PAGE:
the synchronization tools allow you to overwrite files in either direction. or merge the changes. For changes that occur simultaneously in both organizations. you must merge all changes into one organization from which you can deploy. synchronizing your changes with the home organization is as easy as clicking the Save button.com IDE help.Development Environments and Tools Integrating Changes Across Development Environments Figure 16: Multiple Projects Connect to a Single Organization If you use the Force.com IDE. How to save. you can migrate changes back and forth between them fairly easily. and refresh files is covered in the Force. If you have only two sandboxes. 36 . Each sandbox can be used to deploy changes to the other organization. Integrating Changes Across Development Environments If you have more than one development environment. synchronize. or to production.

In such a scenario. it is much easier to merge the changes in a separate integration sandbox organization than with each other. migration from development sandbox to integration is one way only: 37 . the complexity of synchronizing them goes up exponentially. In this case.Development Environments and Tools Integrating Changes Across Development Environments Figure 17: Synchronizing Two Development Sandboxes As you add development environments.

Development Environments and Tools Integrating Changes Across Development Environments Figure 18: Integrating Multiple Development Sandboxes 38 .

Migration can happen in two ways: manually or through the Metadata API. 39 . the custom object must be migrated first. This is especially important if you have both manual and metadata migrations to perform. 3. 2. you must repeat the exact same modifications in every production or development organization.Chapter 4 Migrating Changes between Environments Migration is the act of moving configuration changes from one Salesforce. For example. sandboxes can only be refreshed once every 29 days. Retrieve the latest metadata changes from the server. The typical steps to migrate changes are: 1. For these reasons. For example. Manual migration is made easier by diligently tracking changes. Migrate components in the order required: • • Look at your change list to determine if anything needs to be manually migrated. either to keep development organizations in sync or to move changes through development organizations toward production. changes you make on your production organization may prevent you from deploying applications you develop on sandbox. While this is possible. if you need to create a queue against a custom object. developing on production can be more difficult than manually migrating changes from sandbox to production. you must manually migrate changes from production to sandbox many times. You might think that the easiest way to avoid manual migration is to make all of your changes on production and then refresh your sandbox. • • Metadata migration—Components that are available in the Metadata API can be migrated using desktop tools.com organization to another. During the development cycle. and there are other important considerations. That is. If you have multiple development organizations. If so. but you want to develop and test it in a sandbox before you expose it to users. Manual migration—Changes to components that are not available in the Metadata API must be manually migrated in each environment.com user interface. Migrating Changes Manually Manual migration requires performing setup changes through the Salesforce. Because approval processes are not available in the Metadata API.com project to deploy only a subset of components. Also. any changes on production must be manually migrated in each of your development organizations. suppose you require a new approval process on your production organization. you might migrate many times. Because component dependencies play a large role in deployment. Optionally modify your Force. Determine which components need to be migrated first. log into the organization you will be migrating changes into and make those setup changes manually. 4. the only way to migrate the approval process to your production organization is to manually recreate the approval process in sandbox. Deploy.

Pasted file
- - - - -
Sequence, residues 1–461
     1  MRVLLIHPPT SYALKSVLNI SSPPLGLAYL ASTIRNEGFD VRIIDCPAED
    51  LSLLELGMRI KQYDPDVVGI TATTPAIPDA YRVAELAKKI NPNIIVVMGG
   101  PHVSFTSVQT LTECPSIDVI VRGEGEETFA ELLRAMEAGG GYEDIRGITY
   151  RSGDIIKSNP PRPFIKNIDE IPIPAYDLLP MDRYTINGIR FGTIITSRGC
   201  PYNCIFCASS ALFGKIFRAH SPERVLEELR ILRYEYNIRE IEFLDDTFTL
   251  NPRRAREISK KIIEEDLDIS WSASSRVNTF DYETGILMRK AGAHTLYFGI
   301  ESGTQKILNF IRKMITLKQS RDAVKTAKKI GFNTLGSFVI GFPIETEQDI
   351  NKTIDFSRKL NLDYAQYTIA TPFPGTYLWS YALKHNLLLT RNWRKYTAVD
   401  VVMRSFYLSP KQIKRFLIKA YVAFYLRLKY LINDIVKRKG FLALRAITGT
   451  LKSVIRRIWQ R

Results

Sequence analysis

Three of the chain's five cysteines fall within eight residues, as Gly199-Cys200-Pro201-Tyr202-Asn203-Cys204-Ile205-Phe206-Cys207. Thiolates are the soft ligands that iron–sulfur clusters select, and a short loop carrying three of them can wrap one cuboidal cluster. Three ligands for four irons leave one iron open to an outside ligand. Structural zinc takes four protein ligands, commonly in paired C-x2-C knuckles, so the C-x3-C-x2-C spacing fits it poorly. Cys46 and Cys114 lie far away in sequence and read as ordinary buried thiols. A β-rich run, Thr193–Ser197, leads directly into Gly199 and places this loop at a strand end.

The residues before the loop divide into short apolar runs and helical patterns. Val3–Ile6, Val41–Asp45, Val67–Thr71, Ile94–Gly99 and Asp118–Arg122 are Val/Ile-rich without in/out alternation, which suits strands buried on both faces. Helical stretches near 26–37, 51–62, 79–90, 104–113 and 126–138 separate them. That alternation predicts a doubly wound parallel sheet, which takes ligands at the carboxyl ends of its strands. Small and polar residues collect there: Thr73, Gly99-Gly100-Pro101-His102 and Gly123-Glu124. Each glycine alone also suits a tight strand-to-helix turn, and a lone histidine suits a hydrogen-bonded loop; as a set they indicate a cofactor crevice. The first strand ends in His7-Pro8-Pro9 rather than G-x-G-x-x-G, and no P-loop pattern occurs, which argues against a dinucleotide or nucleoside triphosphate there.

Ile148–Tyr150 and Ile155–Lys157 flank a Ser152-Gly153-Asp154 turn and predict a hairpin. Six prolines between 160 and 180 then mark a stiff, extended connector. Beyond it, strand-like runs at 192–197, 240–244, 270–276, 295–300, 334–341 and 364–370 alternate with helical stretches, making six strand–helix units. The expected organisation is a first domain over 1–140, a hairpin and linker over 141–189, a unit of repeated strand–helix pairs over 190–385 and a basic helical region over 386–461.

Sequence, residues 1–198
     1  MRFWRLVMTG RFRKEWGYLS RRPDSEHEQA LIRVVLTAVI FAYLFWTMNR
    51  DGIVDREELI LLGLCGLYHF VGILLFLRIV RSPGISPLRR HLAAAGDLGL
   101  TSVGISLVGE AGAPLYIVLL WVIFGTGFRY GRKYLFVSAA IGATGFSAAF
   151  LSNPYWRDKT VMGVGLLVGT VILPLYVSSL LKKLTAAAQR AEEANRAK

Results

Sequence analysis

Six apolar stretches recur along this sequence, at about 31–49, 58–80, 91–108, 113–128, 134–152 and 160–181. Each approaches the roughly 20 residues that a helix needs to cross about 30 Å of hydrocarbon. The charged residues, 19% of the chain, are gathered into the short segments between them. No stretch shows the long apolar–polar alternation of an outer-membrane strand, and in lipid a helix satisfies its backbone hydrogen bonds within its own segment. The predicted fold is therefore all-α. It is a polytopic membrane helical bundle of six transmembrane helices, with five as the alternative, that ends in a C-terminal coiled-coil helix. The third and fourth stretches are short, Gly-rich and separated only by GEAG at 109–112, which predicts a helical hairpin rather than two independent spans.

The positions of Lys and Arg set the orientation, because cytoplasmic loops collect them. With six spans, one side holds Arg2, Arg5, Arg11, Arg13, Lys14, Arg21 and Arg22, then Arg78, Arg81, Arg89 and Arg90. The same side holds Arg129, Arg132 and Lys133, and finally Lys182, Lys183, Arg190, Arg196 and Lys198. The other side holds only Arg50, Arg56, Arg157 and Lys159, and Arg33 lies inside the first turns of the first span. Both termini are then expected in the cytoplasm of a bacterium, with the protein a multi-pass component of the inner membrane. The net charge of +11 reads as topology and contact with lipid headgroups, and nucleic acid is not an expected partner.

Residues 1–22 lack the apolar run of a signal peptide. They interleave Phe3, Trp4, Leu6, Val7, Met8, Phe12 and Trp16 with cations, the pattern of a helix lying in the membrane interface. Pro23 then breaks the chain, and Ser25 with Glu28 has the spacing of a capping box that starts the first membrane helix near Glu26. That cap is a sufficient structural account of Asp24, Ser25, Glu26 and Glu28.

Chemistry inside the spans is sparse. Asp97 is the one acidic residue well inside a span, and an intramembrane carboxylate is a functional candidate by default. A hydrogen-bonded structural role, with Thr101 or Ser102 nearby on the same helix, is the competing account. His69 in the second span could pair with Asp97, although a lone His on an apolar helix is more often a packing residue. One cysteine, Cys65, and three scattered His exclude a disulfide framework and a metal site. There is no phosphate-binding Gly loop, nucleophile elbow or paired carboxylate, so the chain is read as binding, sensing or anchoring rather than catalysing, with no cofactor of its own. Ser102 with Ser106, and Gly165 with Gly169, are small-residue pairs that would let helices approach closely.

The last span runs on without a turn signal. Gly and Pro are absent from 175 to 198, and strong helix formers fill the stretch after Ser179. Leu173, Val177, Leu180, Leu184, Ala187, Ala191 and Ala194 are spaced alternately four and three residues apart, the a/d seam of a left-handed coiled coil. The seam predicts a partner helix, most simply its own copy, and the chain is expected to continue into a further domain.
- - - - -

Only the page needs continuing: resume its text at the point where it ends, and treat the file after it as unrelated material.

all of which require a local file system. you can deploy directly to the production organization any number of times. meaning that it may not return results immediately.com Migration Tool use this method. such as text editors. Once you create a Force. but these changes should require no testing and little training.com organization is accomplished by calling the Metadata API deploy() method. and there are several factors that determine how quickly those results are returned: 40 . and to track the changes that require manual migration. Both the Force. This is because the Metadata API was designed to support traditional software development tools that operate on source files. Figure 19: Migration Between Organizations You might be wondering why you need a local project to migrate files that are stored in the cloud. The deploy() method is asynchronous. What Affects Deployment Time? Migrating metadata from a local directory to a Salesforce. and so there should be very little difference in deployment time when using either tool. How Files are Migrated Migrating changes from one organization to another using metadata files requires an intermediate tool that interacts with both environments using the Metadata API. The following figure shows how changes are migrated from sandbox to production.com IDE and the Force. you do not need to retrieve files unless you want to synchronize with the server. and version control systems. The best way to manage manual migrations is to establish a change process on your production organization. diff/merge utilities.com project.Migrating Changes between Environments How Files are Migrated Note: Many customizations and features can be developed on production.